(Reuters) — Software company Blackbaud Inc. has agreed to pay $3 million to settle allegations it made misleading disclosures about a 2020 ransomware attack that affected more than 13,000 customers, the U.S. Securities and Exchange Commission said on Thursday.
In July 2020, the South Carolina-based provider of donor data management software exposed a ransomware attacker and said the attacker did not have access to bank account information or social security numbers for donors, the SEC said.
“Within days” of those disclosures, some company employees learned that the attacker had accessed and taken that information, but the employees did not tell senior managers responsible for disclosure because the company failed to maintain controls and procedures for disclosure, said SEC.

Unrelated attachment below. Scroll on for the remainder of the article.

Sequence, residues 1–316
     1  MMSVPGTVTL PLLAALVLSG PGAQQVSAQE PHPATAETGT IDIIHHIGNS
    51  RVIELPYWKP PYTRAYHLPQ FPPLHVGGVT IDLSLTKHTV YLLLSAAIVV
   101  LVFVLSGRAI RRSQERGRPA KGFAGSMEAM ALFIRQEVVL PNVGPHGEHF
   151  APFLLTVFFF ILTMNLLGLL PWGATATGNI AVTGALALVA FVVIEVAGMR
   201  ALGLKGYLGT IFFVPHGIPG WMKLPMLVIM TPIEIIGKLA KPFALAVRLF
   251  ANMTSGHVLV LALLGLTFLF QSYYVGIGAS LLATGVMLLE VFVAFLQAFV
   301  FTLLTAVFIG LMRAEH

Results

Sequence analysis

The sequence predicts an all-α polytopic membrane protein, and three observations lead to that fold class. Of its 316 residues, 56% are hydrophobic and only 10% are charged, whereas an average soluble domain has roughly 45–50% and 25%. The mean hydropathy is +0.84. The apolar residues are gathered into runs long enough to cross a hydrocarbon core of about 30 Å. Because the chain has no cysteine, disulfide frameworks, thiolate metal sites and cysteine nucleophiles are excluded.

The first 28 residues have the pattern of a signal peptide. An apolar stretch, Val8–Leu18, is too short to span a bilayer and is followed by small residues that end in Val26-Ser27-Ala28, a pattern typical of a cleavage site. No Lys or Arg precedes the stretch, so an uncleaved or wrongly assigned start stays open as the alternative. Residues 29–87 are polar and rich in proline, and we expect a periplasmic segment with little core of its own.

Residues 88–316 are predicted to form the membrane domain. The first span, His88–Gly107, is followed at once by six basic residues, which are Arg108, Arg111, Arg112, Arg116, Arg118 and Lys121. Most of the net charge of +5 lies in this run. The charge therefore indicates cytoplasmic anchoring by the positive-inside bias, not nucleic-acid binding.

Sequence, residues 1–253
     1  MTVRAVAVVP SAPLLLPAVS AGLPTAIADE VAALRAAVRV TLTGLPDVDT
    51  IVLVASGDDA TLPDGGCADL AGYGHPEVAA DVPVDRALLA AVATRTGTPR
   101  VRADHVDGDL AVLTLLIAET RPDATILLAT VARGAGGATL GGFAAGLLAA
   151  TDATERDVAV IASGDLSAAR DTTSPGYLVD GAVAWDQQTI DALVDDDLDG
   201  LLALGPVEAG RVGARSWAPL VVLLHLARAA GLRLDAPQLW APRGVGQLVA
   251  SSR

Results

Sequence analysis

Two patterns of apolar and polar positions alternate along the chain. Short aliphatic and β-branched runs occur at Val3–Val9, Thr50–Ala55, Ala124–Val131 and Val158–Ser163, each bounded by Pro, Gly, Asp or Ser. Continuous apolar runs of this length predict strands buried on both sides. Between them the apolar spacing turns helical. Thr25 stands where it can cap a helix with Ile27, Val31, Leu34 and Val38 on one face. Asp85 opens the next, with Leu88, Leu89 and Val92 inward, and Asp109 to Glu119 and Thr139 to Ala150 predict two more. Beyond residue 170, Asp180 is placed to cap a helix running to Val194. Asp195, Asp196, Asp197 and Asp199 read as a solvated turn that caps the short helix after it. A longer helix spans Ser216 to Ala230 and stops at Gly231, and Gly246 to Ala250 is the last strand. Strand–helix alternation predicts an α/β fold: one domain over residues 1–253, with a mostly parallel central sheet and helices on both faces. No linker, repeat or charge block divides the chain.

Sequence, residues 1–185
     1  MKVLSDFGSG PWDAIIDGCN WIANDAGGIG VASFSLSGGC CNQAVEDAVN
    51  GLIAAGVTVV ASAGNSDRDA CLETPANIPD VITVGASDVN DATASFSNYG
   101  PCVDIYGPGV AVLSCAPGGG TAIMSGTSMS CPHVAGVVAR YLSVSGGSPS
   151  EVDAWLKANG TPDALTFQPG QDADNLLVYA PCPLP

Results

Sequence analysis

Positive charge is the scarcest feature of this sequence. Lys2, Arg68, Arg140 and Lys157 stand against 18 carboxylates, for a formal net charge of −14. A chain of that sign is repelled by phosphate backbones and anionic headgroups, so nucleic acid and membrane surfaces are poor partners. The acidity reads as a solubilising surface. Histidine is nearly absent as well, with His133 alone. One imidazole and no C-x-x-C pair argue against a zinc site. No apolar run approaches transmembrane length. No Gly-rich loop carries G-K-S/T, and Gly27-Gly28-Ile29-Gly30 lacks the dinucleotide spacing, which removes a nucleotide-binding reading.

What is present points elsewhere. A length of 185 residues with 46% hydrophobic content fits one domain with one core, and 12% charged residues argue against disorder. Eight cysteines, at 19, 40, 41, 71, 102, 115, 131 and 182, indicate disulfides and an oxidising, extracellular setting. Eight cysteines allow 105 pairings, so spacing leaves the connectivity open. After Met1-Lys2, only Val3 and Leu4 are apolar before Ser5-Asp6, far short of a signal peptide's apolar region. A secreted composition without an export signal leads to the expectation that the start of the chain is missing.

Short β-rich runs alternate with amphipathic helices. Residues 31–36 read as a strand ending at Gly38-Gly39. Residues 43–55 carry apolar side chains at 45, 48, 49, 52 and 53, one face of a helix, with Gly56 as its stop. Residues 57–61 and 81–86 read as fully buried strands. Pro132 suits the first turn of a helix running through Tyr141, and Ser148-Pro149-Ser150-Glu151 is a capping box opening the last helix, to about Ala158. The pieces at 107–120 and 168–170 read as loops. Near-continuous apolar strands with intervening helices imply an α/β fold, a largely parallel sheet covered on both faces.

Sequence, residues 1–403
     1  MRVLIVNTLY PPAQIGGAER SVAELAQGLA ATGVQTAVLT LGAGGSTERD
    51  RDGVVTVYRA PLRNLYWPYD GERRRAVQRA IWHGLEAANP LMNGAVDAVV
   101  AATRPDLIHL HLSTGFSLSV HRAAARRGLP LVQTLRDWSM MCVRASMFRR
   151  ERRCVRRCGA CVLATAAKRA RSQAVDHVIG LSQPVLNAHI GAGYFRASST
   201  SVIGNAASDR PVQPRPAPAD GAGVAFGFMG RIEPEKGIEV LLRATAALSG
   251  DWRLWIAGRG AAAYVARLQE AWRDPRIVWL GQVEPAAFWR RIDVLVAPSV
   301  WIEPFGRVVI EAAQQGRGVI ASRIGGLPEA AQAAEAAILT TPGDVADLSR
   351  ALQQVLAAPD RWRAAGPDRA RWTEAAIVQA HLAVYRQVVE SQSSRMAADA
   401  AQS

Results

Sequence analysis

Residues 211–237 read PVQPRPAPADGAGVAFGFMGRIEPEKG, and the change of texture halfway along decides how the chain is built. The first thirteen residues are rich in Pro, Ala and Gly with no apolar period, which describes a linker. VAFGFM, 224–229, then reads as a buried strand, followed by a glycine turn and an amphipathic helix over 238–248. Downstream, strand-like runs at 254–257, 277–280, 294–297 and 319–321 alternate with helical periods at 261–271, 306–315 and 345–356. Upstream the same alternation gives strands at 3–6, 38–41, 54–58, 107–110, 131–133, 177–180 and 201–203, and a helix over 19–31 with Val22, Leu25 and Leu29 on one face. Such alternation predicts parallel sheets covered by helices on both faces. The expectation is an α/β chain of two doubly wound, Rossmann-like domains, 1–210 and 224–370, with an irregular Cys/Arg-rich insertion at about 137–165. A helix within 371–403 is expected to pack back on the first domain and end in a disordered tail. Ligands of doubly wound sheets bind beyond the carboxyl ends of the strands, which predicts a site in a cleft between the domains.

In August 2020, the SEC said, Blackbaud filed a quarterly report with the agency that omitted material information about the scope of the attack.
Representatives for Blackbaud, which did not acknowledge or deny the SEC̵7;s findings, did not immediately respond to a request for comment.
The regulator has pushed public companies and registered entities to make more timely and specific disclosures about cyber attacks.
The SEC will unveil an effort next week to scrutinize how broker-dealers and others manage the risk of hacking and respond to the theft of customer data, continuing a regulatory push for cybersecurity in the financial sector.